New peanut allergy guidelines are the opposite of what we'd been told
When parents start introducing foods to their infants, one of the things they usually worry about is allergies. Over the past 20 years, the number of children diagnosed with peanut allergies has soared, from 0.4 percent in 1997 to 1.4 percent in 2010. These allergies can be life-threatening, and parents have been told to delay the introduction of foods like peanuts and eggs in order to keep vulnerable children safe. Turns out, we may have had this backward.
A new set of guidelines from the National Institute of Health recommends introducing foods containing peanuts to infants between the ages of 4 and 6 months as a way to prevent peanut allergies. It sounds counterintuitive, but recent research cited by the NIH showed that "regular peanut consumption begun in infancy and continued until 5 years of age led to an 81 percent reduction in development of peanut allergy in infants deemed at high-risk because they already had severe eczema, egg allergy, or both."
That's mind-blowing. An 81 percent reduction in peanut allergies. And that's among kids who were considered high risk for developing them.
In an article by Stat news, Dr. David Stukus, one of the co-authors of the guidelines, was quoted as saying, "There is this magic window of opportunity where you can introduce peanut-containing foods... [When] we introduce [these] foods early, the immune system can get used to it."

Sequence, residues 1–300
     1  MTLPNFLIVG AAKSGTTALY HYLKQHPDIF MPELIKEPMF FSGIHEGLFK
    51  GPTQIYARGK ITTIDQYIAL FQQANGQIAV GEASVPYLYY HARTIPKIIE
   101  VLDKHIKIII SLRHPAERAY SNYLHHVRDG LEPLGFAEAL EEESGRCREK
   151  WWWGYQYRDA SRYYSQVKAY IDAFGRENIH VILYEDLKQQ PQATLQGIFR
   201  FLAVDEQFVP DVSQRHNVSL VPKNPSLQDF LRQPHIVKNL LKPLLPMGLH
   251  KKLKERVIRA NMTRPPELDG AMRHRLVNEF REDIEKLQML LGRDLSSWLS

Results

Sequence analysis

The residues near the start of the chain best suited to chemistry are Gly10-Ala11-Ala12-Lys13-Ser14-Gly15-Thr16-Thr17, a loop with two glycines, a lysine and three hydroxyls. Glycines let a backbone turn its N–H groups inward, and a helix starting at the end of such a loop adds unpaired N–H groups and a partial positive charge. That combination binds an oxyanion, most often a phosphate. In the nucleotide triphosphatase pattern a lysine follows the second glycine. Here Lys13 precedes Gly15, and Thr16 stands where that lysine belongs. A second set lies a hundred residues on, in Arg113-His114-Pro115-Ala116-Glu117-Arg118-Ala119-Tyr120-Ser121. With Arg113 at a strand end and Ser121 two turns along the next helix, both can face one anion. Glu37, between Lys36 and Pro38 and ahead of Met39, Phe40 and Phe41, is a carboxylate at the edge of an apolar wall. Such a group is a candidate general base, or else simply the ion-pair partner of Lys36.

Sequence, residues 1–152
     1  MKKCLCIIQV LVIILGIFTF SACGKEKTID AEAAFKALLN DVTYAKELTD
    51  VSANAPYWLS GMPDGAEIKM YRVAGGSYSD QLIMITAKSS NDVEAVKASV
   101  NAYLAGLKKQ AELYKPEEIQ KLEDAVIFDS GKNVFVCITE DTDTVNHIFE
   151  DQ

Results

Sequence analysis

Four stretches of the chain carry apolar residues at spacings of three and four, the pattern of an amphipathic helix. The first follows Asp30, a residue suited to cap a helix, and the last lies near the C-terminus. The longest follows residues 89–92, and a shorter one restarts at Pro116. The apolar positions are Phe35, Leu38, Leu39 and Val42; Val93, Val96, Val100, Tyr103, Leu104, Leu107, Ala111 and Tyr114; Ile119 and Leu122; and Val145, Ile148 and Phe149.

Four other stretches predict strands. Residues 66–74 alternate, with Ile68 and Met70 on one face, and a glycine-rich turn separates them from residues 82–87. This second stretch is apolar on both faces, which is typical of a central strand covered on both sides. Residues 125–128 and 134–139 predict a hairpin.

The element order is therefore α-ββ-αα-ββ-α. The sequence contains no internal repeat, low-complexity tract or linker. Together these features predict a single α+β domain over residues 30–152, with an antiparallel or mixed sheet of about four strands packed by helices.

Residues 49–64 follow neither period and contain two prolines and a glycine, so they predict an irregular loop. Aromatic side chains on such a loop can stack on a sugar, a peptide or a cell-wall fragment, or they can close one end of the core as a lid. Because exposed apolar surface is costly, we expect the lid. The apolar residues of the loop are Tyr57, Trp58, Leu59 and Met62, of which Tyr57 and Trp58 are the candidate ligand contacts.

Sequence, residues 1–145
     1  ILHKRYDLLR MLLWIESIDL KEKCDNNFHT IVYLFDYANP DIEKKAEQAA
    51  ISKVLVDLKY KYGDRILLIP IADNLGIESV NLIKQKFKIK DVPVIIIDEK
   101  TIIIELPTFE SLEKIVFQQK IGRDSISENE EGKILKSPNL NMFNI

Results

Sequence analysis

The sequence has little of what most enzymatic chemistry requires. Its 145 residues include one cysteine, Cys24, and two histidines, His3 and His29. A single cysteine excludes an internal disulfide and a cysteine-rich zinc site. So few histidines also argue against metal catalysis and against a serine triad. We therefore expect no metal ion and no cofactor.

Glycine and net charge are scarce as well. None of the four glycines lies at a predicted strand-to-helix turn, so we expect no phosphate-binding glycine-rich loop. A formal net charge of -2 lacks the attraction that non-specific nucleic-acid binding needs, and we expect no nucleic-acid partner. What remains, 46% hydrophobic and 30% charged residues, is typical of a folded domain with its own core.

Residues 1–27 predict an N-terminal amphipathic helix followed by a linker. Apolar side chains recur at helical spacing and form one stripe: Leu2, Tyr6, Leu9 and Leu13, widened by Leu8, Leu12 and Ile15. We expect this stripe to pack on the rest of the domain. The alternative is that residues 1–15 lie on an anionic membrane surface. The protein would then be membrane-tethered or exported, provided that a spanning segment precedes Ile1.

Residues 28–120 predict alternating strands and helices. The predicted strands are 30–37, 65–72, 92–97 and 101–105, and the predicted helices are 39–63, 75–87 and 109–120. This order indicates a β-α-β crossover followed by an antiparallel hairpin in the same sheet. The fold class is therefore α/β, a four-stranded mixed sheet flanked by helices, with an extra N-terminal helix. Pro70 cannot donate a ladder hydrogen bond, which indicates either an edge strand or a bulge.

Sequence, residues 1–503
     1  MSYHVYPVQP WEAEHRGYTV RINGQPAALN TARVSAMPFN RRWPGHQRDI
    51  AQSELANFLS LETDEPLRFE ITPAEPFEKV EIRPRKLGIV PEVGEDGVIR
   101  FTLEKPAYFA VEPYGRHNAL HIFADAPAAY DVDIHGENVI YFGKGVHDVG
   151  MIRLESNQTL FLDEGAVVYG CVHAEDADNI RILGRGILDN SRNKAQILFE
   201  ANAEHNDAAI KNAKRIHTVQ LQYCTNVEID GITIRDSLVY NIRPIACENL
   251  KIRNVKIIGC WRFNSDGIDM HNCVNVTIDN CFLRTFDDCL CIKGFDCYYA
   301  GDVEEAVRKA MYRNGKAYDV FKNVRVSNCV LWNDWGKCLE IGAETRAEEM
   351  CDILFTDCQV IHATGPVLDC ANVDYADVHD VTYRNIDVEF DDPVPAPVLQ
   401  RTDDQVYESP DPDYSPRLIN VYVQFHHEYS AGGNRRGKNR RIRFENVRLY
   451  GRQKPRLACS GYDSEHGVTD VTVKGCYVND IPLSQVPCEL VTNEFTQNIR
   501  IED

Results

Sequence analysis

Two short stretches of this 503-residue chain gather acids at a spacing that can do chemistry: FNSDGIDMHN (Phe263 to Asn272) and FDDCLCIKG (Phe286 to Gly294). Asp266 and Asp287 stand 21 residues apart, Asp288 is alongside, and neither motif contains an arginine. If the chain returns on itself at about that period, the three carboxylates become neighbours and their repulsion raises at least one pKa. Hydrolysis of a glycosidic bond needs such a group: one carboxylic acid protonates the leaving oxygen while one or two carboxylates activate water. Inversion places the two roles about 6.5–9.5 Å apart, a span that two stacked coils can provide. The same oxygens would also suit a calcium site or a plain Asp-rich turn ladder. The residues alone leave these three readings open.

It's easy to see why parents whose children are at a high risk of developing peanut allergies would be nervous about feeding them to their 4-month-olds. And there are some caveats — the NIH says that high-risk infants between the ages of 4 and 6 months should be seen by an allergy specialist before they are given foods containing peanuts. For babies with a moderate risk, they should wait to be given these foods until they are 6 months of age, but do not need to be seen by a specialist first.
Though these new guidelines fly in the face of what we've been taught over the past few years, the science behind it is compelling and should give parents hope that their children need not be subject to the dangers of peanut allergies.